Kristine Smith’s 2007 Endgame is the final book in her Jani Kilian quintet.
About a year has passed since the last book. The idomeni oligarch, Ceel, determined to put an end to Tsecha’s ongoing heretical activities, decides on a cunning plan. Surely assassinating a charismatic leader will dissuade their followers from pursuing heretical ways! What could possibly go wrong?
[spoilers abound for those who haven’t read the previous books in the series]
On the human side of things, the Commonwealth is facing its first succession crisis. The humans are on the verge of a civil war. Jani is facing a personal crisis: her Prime Minster hates the idomeni-hybrid (because hybrid) and is legally persecuting her.
On the idomeni side, Oligarch Ceel has enlisted Rilas the assassin to deal with Tsecha. Rilas maneuvers themself into position from which they can target the heretic; ideally, the death would not scream “a hired killer did this.”
Rilas’ infallible plan works to an extent: Tsecha is dead. But Rilas has left a trail of clues that it’s an assassination. Perhaps a human will be blamed (because idomeni do not assassinate other idomeni, right?) but Jani and her friends are more clueful than that. Plus, “trail of clues.”
At this point, it may seem all that is left is following the trail until the killer and mastermind are caught. But … not only is Ceel committed to a strategy of “keep killing people until people stop being curious about the killings,” some peculiarities of the Idomeni legal system could mean that tracking down Rilas could cause the deaths of millions of innocent idomeni. Failing that, revealing Ceel’s plot could trigger a full-scale idomeni civil war.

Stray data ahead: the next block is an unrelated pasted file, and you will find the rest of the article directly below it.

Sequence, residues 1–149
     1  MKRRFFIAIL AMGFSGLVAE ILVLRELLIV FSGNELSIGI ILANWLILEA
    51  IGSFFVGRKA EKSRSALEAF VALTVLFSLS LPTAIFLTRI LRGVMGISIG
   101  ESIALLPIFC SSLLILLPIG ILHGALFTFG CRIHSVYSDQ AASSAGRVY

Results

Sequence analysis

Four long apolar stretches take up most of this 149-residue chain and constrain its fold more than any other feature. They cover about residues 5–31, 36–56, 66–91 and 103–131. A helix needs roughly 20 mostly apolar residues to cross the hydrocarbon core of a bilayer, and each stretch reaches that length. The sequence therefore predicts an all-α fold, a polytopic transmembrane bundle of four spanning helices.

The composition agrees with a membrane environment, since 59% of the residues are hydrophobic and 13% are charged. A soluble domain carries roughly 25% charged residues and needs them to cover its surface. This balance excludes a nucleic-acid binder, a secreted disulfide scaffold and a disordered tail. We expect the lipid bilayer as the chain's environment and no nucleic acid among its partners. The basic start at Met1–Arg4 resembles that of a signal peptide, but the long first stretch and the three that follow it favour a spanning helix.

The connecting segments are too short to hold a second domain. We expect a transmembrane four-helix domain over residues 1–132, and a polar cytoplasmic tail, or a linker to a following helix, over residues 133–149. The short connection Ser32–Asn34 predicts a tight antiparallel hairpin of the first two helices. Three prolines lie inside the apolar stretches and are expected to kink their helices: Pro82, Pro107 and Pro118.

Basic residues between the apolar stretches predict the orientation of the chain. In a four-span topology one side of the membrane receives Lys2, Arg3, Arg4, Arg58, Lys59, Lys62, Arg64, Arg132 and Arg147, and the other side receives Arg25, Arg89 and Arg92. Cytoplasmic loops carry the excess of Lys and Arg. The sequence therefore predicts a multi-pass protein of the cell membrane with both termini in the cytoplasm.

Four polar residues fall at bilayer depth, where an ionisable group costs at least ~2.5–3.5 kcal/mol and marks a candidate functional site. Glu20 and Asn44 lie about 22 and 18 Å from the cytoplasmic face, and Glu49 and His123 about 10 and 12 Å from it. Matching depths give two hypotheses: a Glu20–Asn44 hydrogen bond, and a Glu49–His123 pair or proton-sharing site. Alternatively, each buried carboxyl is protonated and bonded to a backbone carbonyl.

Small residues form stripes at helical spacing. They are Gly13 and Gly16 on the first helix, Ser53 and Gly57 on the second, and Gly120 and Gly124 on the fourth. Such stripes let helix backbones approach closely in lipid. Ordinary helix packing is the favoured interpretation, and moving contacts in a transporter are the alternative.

Unless Jani can find an alternative.
This book asks an interesting question: [rot 13 for huge spoiler] Tvira gung Wnav’f rk. Yhpvna, npprcgrq n pbagenpg ba Wnav naq gung va gur raq ur qvqa’g sbyybj guebhtu ba vg, jbhyq vg or cbffvoyr gb erxvaqyr gurve ebznapr?
This book devoted more pages than I would have expected to Jani’s deftness at navigating bureaucracy and paperwork. However, I can only applaud the author’s hat tip to these important skills, which are likely to be of much more use to readers than derring-do with weapons.
This book was 404 pages long, so slightly shorter than Contact Immanent at 437. Only slightly. That doesn’t explain why this book feels much more tightly plotted than Contact Immanent. I must commend the author for not losing control of the series’ ending. It’s easy to lose control of pacing when one is trying to tie up every loose end … or worse yet, end up with an unfinishable, expanding series as threads multiply out of control. Smith has remained in control. There’s room for sequels here, but no need for them, which is a good place to end.
I thought this the best book of the series.